Will The World’s Largest Democracy beat the U.S. to full VVPR?

In late August we covered the arrest of voting integrity advocate Hari Prasad for receiving a voting machine used in India for testing. Researchers with the help of Whistleblower(s) obtained the voting machine and demonstrated its vulnerabilities.

Now, encouraging news from India, via Rop Gonggri. <read>

Yesterday there was a meeting of all the national political parties in India, and it appears the ECI has finally given in: they are now looking at alternatives where the voter sees his/her vote on a piece of paper which can be counted by hand. Here, they also did that, which was just a first step to having the machines scrapped. It’s going to be interesting to see whether the Indian government thinks they can drag on the existing solution until something new is ready. (They tried that here, didn’t work.)

Too early to cry victory, but certainly another big step forward. Now the charges against Hari Prasad, the man who spent time in jail for daring to notice that the emperor had no clothes on, need to be dropped (TODAY GENTLEMEN!) and Hari needs to be fully rehabilitated. Then a strict deadline for scrapping black-box voting needs to be imposed. Then the details of any new voting system need to be worked out. There is already talk of allowing a hand-count only if a judge permits it, which is of course far too restrictive.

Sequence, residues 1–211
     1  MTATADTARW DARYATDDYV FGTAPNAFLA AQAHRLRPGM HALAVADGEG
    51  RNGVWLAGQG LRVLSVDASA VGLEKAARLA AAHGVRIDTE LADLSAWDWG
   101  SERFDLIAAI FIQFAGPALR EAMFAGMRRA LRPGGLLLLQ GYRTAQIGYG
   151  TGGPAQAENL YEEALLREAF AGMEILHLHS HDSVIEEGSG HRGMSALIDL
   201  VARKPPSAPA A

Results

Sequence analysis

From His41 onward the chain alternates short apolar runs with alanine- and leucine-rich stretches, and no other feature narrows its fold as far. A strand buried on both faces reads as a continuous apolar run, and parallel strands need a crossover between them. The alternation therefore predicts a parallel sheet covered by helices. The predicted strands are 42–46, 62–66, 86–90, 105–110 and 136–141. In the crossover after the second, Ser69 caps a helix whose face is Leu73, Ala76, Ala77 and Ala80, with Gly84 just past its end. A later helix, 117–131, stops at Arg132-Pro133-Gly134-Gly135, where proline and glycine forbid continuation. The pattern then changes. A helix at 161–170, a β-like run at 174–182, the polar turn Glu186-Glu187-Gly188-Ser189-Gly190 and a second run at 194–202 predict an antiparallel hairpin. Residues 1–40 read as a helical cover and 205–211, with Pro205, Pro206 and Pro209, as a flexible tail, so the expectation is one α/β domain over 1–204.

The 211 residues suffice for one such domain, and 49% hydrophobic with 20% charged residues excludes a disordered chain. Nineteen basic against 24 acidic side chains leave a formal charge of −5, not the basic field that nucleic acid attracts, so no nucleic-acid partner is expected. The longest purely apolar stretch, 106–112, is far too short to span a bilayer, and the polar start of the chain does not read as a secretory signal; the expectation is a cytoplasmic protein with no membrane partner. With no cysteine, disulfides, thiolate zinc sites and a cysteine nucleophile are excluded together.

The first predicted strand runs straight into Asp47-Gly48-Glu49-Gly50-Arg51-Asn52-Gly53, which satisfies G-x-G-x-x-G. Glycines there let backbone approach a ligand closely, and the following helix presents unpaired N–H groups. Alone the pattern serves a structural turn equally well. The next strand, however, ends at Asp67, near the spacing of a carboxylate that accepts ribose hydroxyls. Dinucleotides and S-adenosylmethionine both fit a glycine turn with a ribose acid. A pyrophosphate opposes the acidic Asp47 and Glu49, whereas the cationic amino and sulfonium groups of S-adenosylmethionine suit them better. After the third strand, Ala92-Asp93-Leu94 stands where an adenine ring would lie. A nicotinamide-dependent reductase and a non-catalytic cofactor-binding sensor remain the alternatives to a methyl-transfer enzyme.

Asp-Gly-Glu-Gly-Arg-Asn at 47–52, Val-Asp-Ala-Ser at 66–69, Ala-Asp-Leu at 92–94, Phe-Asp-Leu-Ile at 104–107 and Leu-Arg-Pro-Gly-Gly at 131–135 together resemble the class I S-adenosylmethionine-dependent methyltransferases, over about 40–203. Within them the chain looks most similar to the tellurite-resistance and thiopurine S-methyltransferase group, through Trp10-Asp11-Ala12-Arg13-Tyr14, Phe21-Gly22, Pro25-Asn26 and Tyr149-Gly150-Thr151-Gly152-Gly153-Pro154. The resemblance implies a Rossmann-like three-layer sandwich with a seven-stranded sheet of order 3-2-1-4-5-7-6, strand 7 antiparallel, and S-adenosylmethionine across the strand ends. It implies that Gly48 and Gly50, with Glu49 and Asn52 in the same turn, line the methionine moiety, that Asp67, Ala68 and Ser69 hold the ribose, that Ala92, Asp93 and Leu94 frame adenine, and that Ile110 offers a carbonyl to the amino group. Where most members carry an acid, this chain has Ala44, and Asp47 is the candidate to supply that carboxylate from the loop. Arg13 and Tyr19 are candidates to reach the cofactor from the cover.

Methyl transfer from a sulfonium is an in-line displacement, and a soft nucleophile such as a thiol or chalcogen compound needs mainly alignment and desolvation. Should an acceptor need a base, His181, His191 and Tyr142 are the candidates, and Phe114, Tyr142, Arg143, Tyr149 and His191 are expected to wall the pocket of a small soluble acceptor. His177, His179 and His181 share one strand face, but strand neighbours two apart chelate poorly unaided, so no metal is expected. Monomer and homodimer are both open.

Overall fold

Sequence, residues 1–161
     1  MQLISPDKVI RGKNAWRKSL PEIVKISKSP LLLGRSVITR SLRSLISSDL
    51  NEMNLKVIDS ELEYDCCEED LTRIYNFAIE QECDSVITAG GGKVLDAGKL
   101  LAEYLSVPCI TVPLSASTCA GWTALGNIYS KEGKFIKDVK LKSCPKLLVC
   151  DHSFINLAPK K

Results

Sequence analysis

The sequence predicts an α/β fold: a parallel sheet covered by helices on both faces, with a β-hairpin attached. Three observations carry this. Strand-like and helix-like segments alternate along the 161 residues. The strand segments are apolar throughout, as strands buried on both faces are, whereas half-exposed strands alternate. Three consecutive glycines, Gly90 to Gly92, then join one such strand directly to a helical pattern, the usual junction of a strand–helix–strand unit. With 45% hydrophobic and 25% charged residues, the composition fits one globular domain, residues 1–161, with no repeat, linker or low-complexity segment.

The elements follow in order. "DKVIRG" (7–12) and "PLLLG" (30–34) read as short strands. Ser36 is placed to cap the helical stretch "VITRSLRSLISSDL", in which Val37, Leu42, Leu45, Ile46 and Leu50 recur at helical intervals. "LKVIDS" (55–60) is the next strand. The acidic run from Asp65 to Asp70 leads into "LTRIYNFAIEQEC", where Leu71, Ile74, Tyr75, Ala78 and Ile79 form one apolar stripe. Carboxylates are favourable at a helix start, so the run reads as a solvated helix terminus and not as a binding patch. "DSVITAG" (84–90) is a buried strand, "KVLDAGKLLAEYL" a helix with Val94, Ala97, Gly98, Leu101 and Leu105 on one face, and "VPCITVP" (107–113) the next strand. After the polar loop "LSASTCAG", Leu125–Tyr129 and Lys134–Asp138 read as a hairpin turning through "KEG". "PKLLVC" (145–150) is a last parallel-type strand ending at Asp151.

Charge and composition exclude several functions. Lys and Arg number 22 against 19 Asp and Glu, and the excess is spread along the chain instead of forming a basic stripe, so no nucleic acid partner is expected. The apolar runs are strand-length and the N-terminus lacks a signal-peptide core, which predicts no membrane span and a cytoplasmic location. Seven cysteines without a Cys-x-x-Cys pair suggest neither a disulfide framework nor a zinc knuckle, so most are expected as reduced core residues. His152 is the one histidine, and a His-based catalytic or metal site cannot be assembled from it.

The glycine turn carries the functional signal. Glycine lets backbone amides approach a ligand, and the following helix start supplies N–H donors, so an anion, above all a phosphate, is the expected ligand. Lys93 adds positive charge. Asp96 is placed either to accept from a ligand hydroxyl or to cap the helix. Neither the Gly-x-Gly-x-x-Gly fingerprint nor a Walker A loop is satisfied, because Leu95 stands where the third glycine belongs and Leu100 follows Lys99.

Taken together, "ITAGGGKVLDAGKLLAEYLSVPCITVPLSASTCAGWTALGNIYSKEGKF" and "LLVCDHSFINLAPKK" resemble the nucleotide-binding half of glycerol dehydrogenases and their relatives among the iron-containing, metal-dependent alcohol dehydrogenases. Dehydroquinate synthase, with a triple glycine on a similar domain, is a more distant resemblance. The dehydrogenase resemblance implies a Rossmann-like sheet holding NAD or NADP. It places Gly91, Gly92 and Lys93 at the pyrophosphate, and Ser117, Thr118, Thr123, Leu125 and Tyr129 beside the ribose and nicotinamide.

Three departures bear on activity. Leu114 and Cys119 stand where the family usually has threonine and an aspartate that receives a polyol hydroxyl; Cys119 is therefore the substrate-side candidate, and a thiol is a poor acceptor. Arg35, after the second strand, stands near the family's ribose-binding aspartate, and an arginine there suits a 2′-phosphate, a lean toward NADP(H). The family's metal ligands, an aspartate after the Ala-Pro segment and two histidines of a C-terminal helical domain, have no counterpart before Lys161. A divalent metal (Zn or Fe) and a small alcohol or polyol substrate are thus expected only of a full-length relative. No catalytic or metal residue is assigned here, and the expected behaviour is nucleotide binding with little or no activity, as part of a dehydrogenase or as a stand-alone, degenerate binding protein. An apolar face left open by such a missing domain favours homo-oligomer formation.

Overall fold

Currently the U.S. is a mixture of paper ballots, optical scan paper ballots, DREs (Touch Screen) with Voter Verifiable Paper Records (VVPR(*)), and DREs with no paper voter verifiable record. India is all a simple electronic machine with no paper record.

I would not go quite as far as Rop.  He would have paper ballots with all hand counting. I believe we are better off with paper ballots and optical scanning giving the record of occasional official shenanigans and the spotty record in manual counting by Connecticut officials.

(*) VVPR, Voter Verifiable Paper Records include those produced by DREs and Paper Ballots – paper ballots are much preferred, since they must be filled out by voters.  The paper records produced by DREs are inconvenient to verify and are often not actually verified by voters.

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